“From an inconstruable beginning comes transmigration. A beginning point is not evident, though beings hindered by ignorance and fettered by craving are transmigrating & wandering on. What do you think, monks: Which is greater, the tears you have shed while transmigrating & wandering this long, long time — crying & weeping from being joined with what is displeasing, being separated from what is pleasing — or the water in the four great oceans?”
—Assu Sutta SN 15.3
An important concept in Buddhism is the notion of Samsara, which means “aimless wandering”. The Buddha, while deeply meditating under the Bodhi Tree on the night of his Enlightenment, saw all his past lives laid out before him: princes, paupers, animals, etc. The number of lives was countless, and he realized that if he continued on as he did, he would continue to wander aimless through countless, countless cycles of rebirth. These eons and eons of lifetimes were measured in kalpas, which is a very long span of time in Indian culture. The exact definition of a kalpa varies, but it can often be measured in hundreds of thousands of years at minimum, or even as great as millions or even billions of years.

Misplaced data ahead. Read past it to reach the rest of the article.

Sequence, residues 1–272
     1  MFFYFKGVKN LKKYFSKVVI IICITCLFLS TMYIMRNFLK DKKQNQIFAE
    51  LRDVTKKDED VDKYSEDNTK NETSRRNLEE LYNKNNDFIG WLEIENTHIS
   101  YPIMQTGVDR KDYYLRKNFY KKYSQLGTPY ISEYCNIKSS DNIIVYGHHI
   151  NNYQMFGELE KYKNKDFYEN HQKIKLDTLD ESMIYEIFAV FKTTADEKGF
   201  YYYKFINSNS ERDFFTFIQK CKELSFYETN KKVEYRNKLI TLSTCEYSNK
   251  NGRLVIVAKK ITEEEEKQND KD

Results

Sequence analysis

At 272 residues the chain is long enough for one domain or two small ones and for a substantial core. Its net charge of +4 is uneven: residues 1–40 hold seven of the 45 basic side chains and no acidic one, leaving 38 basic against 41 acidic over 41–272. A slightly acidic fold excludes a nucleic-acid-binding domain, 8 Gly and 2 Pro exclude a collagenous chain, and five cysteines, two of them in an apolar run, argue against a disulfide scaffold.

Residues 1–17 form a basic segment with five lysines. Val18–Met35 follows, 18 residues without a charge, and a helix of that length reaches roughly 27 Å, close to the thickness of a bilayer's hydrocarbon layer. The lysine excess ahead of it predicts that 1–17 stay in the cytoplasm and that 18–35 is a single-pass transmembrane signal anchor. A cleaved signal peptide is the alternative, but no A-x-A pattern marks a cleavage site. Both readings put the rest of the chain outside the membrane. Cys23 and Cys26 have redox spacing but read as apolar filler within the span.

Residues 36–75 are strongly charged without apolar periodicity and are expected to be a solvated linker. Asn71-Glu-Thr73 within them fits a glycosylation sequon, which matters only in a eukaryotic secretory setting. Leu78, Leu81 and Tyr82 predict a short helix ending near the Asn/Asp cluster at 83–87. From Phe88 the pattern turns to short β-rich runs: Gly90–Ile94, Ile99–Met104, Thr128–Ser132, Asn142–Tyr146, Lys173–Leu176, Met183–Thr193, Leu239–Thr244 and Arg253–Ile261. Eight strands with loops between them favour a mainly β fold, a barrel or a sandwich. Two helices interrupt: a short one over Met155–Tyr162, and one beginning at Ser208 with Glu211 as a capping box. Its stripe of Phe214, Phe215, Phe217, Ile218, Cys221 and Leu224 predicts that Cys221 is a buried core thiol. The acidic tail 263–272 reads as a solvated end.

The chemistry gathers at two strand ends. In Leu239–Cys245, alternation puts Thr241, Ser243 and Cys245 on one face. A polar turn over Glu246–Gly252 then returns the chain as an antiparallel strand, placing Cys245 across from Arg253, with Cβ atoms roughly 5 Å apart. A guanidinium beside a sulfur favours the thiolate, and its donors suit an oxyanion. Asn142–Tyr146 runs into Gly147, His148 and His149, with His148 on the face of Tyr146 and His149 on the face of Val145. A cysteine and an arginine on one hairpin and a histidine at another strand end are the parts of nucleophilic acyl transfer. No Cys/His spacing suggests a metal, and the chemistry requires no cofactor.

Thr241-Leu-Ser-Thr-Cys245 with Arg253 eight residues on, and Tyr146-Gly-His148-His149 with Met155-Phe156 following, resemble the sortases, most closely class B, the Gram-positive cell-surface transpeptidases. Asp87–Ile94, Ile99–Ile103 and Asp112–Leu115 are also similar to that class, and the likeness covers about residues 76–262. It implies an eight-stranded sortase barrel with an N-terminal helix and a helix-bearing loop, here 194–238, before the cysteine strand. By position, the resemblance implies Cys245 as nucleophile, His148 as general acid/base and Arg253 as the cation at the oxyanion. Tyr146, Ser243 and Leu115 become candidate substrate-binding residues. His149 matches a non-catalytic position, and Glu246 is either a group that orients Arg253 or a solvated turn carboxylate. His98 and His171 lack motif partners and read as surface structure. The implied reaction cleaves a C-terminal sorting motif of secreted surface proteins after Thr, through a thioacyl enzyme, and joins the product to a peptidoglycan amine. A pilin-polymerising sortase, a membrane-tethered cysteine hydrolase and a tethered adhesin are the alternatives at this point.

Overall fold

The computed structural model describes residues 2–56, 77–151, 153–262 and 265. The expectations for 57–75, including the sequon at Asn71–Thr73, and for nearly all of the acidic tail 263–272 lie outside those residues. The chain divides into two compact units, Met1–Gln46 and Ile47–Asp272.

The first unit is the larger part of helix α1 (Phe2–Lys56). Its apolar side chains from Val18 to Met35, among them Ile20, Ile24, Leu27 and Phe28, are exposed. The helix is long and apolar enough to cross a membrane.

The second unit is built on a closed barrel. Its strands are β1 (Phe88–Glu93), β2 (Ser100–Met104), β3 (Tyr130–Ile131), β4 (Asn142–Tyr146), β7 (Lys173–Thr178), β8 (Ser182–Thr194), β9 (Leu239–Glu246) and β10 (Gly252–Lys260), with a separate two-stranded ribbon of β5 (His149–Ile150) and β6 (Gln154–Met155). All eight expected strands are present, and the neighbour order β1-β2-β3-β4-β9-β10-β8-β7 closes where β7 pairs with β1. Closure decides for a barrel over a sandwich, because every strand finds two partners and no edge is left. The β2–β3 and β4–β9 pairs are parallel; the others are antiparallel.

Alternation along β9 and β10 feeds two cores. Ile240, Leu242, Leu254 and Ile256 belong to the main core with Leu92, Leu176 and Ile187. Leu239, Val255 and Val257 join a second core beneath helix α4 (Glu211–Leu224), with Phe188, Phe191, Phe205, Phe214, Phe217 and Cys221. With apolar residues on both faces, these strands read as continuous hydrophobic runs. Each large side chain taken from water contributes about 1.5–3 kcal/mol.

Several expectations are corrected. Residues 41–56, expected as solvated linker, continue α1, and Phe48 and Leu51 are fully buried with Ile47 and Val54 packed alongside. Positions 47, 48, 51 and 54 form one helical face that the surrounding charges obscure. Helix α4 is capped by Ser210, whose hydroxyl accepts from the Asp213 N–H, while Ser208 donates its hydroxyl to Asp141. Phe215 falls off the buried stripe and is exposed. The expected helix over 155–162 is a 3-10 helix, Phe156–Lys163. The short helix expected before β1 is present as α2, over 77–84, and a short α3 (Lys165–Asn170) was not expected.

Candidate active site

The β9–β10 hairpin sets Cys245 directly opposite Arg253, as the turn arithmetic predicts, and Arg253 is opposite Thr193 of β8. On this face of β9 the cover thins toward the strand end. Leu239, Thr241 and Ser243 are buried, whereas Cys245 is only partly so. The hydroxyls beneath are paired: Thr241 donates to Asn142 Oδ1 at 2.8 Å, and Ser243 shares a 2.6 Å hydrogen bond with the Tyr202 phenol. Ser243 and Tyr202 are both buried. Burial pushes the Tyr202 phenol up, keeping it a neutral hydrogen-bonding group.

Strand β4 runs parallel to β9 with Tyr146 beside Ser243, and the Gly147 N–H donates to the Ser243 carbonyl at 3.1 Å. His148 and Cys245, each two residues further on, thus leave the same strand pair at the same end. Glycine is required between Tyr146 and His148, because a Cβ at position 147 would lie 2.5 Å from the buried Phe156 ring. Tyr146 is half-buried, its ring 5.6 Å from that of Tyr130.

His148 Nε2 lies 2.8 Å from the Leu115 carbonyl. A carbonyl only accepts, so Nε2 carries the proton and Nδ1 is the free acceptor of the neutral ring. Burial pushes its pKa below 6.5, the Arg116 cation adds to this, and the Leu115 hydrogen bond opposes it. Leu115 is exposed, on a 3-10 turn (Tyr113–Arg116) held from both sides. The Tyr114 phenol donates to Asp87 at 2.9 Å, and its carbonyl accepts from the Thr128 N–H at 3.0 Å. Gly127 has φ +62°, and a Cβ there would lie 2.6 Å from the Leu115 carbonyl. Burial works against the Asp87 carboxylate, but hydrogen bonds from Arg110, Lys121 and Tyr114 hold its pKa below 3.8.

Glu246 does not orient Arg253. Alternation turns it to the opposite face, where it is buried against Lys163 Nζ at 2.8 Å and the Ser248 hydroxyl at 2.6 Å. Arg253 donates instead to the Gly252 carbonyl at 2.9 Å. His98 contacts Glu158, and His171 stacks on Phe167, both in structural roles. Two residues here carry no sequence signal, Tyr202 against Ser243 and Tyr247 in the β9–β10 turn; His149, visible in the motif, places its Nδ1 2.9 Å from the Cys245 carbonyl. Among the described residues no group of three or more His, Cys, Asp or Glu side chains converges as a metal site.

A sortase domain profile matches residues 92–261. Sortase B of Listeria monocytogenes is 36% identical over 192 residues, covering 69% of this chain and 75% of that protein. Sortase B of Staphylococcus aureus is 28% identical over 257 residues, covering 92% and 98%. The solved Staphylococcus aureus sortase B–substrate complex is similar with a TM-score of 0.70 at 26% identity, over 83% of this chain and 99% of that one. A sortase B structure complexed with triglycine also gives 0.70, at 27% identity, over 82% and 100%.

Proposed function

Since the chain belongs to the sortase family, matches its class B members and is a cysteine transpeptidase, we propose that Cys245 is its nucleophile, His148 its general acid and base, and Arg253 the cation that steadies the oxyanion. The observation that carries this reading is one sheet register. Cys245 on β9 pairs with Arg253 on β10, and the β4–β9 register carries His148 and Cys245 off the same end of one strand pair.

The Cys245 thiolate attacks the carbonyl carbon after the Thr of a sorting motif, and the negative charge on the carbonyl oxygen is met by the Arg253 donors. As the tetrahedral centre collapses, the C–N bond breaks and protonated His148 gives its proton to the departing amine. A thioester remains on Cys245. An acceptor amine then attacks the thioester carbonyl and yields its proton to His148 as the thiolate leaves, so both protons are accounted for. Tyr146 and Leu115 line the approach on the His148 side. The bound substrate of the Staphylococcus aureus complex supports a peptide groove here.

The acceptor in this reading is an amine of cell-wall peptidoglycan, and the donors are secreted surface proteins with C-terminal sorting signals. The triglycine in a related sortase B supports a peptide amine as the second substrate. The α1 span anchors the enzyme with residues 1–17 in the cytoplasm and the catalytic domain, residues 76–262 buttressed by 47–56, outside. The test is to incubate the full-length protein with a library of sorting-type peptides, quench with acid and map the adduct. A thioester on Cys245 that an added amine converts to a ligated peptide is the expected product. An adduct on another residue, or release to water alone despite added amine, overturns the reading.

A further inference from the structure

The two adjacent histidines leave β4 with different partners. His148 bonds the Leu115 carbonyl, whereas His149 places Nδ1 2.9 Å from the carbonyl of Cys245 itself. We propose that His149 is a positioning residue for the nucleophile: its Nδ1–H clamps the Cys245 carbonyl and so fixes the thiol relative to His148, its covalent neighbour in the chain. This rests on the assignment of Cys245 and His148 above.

Our Big Universe
In ancient Indian-Buddhist cosmology, the universe is seen as near-infinitely large, and near-infinitely old. Unlike religions that see a definite, often short, beginning and a precise moment where it will end, Buddhism sees the Universe as beyond measure and ultimately unknowable. Though ancient Indian people knew nothing of astronomy, modern-day scientists have confirmed that the known Universe is indeed very old (13.7 billion years old), and 28 billion parsecs or 53,200,000,000,000,000,000,000,000 miles across and growing faster and faster. Also, what lies before the Big Bang is unknowable at this time.
Perhaps the ancient Indians were not so far off as one might expect…
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